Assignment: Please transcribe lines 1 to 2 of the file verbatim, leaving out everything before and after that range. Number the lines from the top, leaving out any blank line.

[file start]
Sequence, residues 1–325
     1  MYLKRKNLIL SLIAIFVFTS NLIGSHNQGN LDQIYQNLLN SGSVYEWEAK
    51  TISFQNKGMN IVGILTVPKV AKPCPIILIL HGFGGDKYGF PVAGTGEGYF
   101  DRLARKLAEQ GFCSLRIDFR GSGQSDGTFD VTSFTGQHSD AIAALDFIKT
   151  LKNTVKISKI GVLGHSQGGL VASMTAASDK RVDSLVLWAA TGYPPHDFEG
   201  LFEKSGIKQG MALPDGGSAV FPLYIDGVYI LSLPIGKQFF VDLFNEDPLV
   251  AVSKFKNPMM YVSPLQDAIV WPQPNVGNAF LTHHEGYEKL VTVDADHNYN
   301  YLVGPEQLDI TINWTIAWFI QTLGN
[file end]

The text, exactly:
Sequence, residues 1–325
     1  MYLKRKNLIL SLIAIFVFTS NLIGSHNQGN LDQIYQNLLN SGSVYEWEAK